This performance is sponsored by the Wisconsin Union Directorate Performing Arts Committee and is supported in part by a grant from the Wisconsin Arts Board with funds from the State of Wisconsin. Other sponsors include the Union Theater Endowment Fund, Wisconsin Public Radio and WORT, 89.9 FM.
Clarinetist Miriam Adams (below) recently answered an email Q&A for The Ear:
Can you briefly describe the history of the Imani Winds: How it came into being? What is its mission or purpose, its special point of view or approach?
Imani Winds was just a name in the mind of Valerie Coleman, flutist, back in 1996 before she had the players. She wanted to create a group that would perhaps approach classical music from the similar ethnic and cultural background she had. The group was indeed formed without anyone but her or I knowing each other previously.
The mission also involved championing composers that were underrepresented from the non-European side of contemporary music which continues to be a platform for us. Now our mission has broadened to include collaborations, expanding the idea of what a wind quintet can sound like and bridge the gap between traditional classical audiences and pop culture audience.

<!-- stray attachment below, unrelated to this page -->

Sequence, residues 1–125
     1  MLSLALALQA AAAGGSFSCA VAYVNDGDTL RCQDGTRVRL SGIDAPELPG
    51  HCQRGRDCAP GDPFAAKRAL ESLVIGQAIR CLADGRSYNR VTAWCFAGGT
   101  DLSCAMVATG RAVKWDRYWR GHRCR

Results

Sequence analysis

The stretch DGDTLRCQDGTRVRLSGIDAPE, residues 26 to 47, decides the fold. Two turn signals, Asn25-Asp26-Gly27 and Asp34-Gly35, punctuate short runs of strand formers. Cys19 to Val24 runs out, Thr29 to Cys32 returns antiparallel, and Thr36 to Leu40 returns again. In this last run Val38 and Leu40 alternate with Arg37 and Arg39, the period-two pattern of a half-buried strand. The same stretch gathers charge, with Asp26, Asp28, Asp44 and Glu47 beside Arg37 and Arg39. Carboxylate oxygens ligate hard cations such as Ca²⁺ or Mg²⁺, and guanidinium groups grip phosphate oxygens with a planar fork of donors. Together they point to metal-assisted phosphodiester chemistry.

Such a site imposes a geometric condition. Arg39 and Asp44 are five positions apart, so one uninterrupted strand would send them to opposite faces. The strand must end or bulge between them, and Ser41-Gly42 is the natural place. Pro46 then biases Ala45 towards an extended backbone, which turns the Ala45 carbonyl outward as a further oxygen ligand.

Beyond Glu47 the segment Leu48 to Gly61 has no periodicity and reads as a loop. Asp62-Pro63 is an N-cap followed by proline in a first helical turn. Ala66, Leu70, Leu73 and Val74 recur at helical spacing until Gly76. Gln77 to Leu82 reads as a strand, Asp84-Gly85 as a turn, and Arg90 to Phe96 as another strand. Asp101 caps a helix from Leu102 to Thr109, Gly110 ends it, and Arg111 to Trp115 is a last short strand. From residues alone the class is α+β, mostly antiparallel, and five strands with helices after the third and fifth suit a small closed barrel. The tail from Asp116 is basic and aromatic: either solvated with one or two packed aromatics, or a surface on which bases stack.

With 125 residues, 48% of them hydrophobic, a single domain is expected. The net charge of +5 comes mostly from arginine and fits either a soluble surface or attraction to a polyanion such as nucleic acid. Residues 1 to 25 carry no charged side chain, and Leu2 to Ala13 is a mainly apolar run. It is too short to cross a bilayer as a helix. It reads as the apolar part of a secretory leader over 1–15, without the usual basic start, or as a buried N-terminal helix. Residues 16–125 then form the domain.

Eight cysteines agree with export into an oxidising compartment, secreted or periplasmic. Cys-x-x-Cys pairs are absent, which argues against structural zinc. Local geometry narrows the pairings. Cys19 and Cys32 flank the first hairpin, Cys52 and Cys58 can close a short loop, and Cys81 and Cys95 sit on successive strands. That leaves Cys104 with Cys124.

What would attract audiences to hear the group (below)?
Imani Winds performances are right away noted for the synergy and chemistry between the players. Being together for almost 15 seasons helps this and it allows the music we play to come off the page more. The repertoire is definitely not your average classical standard and we play lots of music that is written for our unique personalities. There’s usually a little something for everyone on our programs.
Could you briefly comment on the pieces on the Madison program?
The Madison program is “West Meets East” in a back-and-forth of works that were created in the West (the States) and pieces that are inspired by the sounds of the East. Jeff Scott’s “Startin Sumthin’” is a down home almost tribute to Henry Mancini’s “Pink Panther” style of cool jazz.